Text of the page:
Back in March, Kristin and I escaped the dreary weather of the Pacific Northwest in search of Mexican limestone in El Potrero Chico.  We stumbled upon some amazing climbing, but we also met a memorable collection of personalities and characters.  One of the great people we got to know in Mexico, John Kelley, just published an article on his impressions of EPC and the unique community of climbers we found while we were there.  Check it out.  Nice work John!  

Tuesday, August 17, 2010

Big Win in the Ninth Circuit on Logging Roads and Stormwater

The Ninth Circuit just issued a long-awaited opinion in a case we've been working on for several years. We brought the case against the Oregon Department of Forestry for discharging sediment pollution from logging roads into salmon rivers in the Tillamook State Forest. ODF has long argued they were exempt from the Clean Water Act's permitting requirement - basically leaving the pollution unregulated - but the Ninth Circuit disagreed.  Check it out.

Sunday, August 15, 2010

Phish at the Greek Theater

This whole Phish thing is a little ridiculous, I'll be the first to admit, but how can I pass up the opportunity to hang with a half dozen college-era friends at the Greek Theater in Berkely, California?!  I mean come on!  I only get this opportunity once every ... what .... uhhh ... hmmm ... 3 or 4 months?  How could I miss it?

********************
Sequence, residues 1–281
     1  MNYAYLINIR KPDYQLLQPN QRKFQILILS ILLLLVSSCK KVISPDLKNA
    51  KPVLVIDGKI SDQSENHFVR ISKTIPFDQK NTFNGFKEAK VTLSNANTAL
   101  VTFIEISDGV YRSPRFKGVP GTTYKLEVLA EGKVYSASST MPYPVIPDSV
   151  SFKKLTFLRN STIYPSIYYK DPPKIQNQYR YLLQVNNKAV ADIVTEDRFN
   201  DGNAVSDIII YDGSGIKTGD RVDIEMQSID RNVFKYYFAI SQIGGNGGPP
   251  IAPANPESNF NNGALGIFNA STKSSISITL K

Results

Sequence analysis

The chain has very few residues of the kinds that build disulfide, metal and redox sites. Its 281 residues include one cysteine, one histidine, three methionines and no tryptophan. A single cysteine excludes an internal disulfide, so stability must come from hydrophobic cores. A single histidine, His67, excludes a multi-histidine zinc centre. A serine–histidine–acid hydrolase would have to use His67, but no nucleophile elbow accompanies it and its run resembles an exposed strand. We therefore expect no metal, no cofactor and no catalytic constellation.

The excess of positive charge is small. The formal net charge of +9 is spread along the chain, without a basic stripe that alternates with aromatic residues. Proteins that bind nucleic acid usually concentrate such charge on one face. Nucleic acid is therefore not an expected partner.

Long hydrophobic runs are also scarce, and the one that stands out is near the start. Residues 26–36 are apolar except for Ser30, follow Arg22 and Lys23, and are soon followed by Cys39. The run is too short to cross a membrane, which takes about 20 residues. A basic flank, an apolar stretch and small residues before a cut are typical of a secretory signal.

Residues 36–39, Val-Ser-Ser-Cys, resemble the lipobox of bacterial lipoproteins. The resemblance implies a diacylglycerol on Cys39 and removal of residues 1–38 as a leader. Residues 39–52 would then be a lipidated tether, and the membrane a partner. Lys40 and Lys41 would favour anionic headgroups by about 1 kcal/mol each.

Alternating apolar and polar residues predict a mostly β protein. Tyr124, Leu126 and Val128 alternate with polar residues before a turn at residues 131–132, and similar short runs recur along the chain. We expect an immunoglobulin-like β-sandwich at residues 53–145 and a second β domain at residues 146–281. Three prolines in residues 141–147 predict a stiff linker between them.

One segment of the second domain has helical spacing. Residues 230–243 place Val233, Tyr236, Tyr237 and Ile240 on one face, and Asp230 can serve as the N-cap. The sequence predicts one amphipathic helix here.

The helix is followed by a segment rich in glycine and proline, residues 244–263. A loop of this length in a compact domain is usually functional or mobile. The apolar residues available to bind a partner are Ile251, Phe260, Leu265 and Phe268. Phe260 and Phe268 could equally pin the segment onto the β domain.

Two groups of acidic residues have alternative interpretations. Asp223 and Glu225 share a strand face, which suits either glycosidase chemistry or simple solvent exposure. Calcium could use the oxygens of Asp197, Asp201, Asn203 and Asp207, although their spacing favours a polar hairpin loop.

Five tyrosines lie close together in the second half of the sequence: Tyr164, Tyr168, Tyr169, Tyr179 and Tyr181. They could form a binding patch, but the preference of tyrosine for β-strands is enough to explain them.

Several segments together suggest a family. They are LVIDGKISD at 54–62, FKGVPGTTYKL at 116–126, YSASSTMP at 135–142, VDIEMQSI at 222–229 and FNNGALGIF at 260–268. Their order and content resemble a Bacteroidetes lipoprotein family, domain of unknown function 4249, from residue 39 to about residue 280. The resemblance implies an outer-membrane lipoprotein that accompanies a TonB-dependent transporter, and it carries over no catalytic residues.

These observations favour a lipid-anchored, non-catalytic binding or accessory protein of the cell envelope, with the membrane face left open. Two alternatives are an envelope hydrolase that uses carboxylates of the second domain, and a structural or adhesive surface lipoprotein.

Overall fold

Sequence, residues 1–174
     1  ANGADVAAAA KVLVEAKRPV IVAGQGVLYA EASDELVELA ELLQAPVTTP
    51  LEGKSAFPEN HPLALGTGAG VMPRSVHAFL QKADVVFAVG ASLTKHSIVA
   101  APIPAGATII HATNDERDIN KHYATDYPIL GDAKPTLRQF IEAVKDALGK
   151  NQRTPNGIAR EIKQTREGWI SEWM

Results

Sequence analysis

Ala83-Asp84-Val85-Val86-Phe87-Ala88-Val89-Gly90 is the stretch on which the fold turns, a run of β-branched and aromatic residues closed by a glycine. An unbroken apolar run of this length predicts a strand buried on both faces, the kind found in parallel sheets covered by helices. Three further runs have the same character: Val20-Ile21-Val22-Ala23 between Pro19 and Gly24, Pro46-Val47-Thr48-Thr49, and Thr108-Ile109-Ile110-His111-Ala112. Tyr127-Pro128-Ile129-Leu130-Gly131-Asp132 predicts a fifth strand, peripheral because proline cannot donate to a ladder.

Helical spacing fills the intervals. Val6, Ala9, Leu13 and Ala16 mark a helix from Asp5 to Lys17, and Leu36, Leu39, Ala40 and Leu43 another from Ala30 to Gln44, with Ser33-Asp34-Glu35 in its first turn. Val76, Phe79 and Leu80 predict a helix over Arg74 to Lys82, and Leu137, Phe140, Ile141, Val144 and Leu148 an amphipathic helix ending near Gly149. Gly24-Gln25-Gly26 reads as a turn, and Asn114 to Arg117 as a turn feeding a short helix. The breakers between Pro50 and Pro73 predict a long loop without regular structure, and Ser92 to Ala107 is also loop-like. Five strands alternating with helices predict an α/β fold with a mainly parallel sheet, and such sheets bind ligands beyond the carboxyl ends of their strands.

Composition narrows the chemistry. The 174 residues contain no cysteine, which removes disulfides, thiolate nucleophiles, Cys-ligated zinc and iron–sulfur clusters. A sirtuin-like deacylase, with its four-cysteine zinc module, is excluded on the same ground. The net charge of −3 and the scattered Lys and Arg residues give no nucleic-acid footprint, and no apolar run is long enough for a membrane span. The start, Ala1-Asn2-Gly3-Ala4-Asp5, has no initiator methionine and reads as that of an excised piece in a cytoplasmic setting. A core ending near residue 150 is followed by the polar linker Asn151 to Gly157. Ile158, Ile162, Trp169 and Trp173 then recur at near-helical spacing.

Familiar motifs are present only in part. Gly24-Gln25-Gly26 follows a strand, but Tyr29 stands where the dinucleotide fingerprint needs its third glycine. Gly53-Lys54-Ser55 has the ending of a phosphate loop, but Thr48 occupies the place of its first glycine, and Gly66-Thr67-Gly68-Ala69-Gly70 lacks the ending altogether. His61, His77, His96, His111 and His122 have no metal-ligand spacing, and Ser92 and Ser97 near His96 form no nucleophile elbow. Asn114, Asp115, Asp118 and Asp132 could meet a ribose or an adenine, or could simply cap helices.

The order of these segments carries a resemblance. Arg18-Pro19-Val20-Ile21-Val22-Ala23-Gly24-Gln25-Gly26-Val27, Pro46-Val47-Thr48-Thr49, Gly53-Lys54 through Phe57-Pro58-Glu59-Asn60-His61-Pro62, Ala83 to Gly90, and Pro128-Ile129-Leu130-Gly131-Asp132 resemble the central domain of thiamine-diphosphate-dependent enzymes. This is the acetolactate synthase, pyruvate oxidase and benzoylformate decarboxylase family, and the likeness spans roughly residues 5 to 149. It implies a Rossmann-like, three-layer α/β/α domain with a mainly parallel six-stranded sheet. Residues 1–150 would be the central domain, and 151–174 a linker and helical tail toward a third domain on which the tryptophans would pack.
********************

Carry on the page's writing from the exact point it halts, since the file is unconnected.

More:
Towards the end of the third show, a nice girl dancing next to me turns and says, "they have to play 2001 right here, don't they?  They just HAVE to!"  And then they segued sweetly into this.  Enjoy.

Wednesday, August 11, 2010

Shooting the Bugaboos!

Snowpatch Spire and the Howsers

Late last month, I spent a week in the Bugaboos in Southeastern British Columbia, my fourth trip to the range in the last eight years.  I can't seem to get enough of this place.  Since I returned to Portland, I've been focused on activities other than climbing (mostly work and ... ahem ... Phish at the Greek Theater).  I haven't had time for a proper trip report, and I honestly don't think I'll get around to doing one, so I'll give a little narrative through some pics I shot during the week. 

Wednesday, July 21, 2010

Beacon Rock is Open for Business

Guy Pinjuv on Blownout, 5.10a

Wednesday, July 14, 2010

Squampton! - Rock On to the Squamish Buttress

Ah the life of a climber in Portland - driving, driving and more driving in search of granite. Every summer, Kristin and I make at least one northerly pilgrimage to Squamish, BC in search of long routes laced with beautiful cracks. Set high above Howe Sound, the granite walls of the Chief offer some of the best multi-pitch trad climbing in the Pacific Northwest. Coastal rain forest eventually gives way to clean granite cracks unearthed from layers of moss and dirt by generations of dedicated climbers. Several hundred feet up the wall, all alone with you and your partner, you can enjoy sweeping views of old-growth forest, salmon streams, waterfalls and alpine ridges topped by snow-capped peaks and the queen of the area - Mt. Garibaldi. This places keeps drawing us back year after year.